Private Project

Always Chasing Love

Based on a compilation of true events, in a world where no language is irrelevant, there is nothing more important to the emotionally pained Jennifer Anderson (Sharon Savene) than to meet and build a relationship with her birth parents who gave her up shortly after birth. After she gets a lead to their possible whereabouts, Jennifer quickly makes plans to leave behind her fiancé, Jeff Contato (Camillo Faieta) in Los Angeles, to meet her parents in San Francisco. However, her timing and manner of doing so results in a ripple of heartbreaks, regret and a crime of passion that is investigated by the famous and meticulous Detective Simon Willis (Phillip Watkins) of the SLPD.

  • Jadolphus CW Fraser
  • Jadolphus CW Fraser
  • Jadolphus CW Fraser
  • Sharon Savene
    Key Cast
  • Alexandria Wailes
    Key Cast
    Nurse Jackie, Law & Order: Criminal Intent, High Maintenance,
  • Camillo Faieta
    Key Cast
  • Phillip Watkins
    Key Cast
  • Patrick O'Sullivan
    Key Cast
    The Thinning, Internet Famous, Dr. Ken, The Neighbors, Grandfathered, Happy Endings
  • Project Type:
    Experimental, Feature
  • Genres:
    Detective Mystery, Drama, Romance, Foreign Language, Neo-Noir, Disability
  • Runtime:
    1 hour 39 minutes 34 seconds
  • Completion Date:
    August 19, 2016
  • Country of Origin:
    United States
  • Country of Filming:
    United States
  • Shooting Format:
  • Aspect Ratio:
  • Film Color:
  • First-time Filmmaker:
  • Student Project:
Director Biography - Jadolphus CW Fraser

Jadolphus CW Fraser, born in New York City, with roots in various states and countries, is a first-time feature filmmaker, the founder and president of Fraser Consulting and Advocacy (a social and human service consulting and advocacy company), a Navy veteran and a former athlete.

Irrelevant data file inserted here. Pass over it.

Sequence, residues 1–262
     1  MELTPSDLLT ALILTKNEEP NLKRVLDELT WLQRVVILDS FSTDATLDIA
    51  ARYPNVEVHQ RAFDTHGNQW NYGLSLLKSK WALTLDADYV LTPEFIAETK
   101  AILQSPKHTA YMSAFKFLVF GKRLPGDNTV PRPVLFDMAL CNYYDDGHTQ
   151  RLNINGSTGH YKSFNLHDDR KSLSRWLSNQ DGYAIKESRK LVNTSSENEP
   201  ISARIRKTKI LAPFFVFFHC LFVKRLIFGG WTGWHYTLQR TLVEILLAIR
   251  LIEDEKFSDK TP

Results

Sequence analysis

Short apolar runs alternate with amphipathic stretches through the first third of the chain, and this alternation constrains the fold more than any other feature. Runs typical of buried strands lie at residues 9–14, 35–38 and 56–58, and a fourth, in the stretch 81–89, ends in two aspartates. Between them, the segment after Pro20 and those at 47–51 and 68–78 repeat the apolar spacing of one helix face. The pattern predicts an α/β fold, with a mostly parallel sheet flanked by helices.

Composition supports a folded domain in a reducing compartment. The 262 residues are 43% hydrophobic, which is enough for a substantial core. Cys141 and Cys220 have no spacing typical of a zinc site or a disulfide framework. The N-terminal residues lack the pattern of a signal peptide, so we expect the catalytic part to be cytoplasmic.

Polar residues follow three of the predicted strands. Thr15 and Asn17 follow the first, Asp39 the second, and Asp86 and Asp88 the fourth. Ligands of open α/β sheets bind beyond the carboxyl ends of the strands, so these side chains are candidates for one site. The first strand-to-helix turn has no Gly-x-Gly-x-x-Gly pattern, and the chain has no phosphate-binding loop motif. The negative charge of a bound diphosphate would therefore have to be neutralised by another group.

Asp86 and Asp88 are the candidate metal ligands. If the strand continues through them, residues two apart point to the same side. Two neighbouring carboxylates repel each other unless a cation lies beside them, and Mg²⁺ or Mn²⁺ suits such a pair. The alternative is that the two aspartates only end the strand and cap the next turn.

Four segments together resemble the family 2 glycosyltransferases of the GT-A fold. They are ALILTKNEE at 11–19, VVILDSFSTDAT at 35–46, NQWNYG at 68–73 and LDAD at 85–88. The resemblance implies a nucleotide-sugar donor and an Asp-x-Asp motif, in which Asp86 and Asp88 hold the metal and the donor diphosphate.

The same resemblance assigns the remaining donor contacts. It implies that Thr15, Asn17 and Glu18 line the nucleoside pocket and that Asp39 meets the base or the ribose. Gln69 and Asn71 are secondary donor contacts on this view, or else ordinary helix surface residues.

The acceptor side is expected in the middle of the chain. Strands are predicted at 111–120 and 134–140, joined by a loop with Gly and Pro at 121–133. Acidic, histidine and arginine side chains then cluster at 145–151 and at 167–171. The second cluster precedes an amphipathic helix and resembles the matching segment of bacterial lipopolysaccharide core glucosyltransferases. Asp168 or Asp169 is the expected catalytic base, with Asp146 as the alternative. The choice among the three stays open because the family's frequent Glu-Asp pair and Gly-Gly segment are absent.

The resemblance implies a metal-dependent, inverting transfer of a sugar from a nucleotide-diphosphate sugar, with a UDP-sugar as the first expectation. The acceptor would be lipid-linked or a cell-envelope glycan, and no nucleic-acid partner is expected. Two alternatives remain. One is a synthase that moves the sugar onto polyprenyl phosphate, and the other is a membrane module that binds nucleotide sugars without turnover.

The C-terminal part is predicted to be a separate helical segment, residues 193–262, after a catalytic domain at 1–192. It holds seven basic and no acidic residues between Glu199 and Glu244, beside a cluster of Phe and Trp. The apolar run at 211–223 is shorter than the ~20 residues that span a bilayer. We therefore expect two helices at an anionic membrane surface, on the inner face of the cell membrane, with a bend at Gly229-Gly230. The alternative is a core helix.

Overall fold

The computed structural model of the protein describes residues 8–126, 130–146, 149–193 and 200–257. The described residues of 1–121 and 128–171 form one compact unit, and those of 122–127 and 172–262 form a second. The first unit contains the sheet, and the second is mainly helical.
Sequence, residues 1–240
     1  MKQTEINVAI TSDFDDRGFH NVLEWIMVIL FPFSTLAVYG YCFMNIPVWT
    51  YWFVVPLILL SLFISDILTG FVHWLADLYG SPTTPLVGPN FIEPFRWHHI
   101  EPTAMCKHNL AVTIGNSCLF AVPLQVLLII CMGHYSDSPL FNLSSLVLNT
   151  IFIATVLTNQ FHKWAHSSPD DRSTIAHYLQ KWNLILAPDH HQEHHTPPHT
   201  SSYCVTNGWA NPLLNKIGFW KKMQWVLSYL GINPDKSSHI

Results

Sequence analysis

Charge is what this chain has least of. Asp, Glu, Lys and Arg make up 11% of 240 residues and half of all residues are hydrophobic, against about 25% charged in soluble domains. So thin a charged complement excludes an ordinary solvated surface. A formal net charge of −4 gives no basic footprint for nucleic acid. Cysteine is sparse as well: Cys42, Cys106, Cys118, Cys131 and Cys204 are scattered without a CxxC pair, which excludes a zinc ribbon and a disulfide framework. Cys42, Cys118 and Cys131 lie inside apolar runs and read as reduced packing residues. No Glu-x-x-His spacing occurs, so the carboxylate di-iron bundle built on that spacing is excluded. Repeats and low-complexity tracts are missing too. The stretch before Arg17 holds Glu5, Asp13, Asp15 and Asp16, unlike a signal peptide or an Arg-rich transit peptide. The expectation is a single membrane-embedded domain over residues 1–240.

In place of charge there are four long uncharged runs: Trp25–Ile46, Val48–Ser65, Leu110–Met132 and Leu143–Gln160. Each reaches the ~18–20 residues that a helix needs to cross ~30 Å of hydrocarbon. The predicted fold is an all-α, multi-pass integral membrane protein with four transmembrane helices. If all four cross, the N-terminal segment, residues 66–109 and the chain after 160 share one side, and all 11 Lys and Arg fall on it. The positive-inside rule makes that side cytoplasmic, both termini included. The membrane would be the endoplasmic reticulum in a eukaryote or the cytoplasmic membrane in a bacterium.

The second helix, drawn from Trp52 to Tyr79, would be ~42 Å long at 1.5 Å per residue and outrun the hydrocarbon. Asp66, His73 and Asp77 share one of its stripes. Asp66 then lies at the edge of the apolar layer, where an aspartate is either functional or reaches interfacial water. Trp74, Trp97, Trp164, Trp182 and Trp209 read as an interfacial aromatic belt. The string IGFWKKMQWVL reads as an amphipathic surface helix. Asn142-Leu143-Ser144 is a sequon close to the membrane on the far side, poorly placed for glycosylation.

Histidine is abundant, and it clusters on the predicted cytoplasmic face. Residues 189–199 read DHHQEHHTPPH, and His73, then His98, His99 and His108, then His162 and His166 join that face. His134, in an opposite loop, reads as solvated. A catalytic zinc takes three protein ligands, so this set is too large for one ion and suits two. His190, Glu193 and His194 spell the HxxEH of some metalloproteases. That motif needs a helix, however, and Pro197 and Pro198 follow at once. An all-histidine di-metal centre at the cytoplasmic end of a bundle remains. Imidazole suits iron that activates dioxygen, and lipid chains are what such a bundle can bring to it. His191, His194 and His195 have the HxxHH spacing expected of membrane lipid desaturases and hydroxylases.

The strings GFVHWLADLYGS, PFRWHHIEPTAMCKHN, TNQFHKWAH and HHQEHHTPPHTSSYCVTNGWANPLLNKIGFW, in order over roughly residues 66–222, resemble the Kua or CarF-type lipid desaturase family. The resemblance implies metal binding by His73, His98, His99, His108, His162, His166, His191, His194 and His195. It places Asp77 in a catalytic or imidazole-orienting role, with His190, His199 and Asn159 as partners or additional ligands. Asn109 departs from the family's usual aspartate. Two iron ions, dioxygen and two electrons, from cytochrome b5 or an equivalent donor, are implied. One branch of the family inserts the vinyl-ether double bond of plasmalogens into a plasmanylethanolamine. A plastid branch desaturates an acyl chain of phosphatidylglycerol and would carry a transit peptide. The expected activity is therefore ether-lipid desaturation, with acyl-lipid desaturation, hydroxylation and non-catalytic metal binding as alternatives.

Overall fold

Jadolphus is a new parent currently residing in southern California where he has been committed to accessing needed human and social services for people with developmental disabilities, mental illness and the elderly for more than 15 years. Jadolphus also heads up CRE', where he develops stories, produces, directs, and occasionally shoots and edit short and long form audio/video content.

In 2008, Jadolphus produced, directed and edited all content (except the news) that launched the government funded TCI Network in the Turks and Caicos Islands.

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Director Statement

The journey of making this film began in 2003, with a digital camera that is currently obsolete but was relevant at that time. Due to numerous technological setbacks and personnel hurdles that exceeded the budget, such as losing main cast and crew personnel due to sudden health and lifestyle issues and losing the entire edited film and works in progress due to hard drive crashes, post production was an arduous 11 year process. While the image of this film present with significant less lines of resolution than today's digital cameras offer, I hope this niche movie finally reach those it was made for.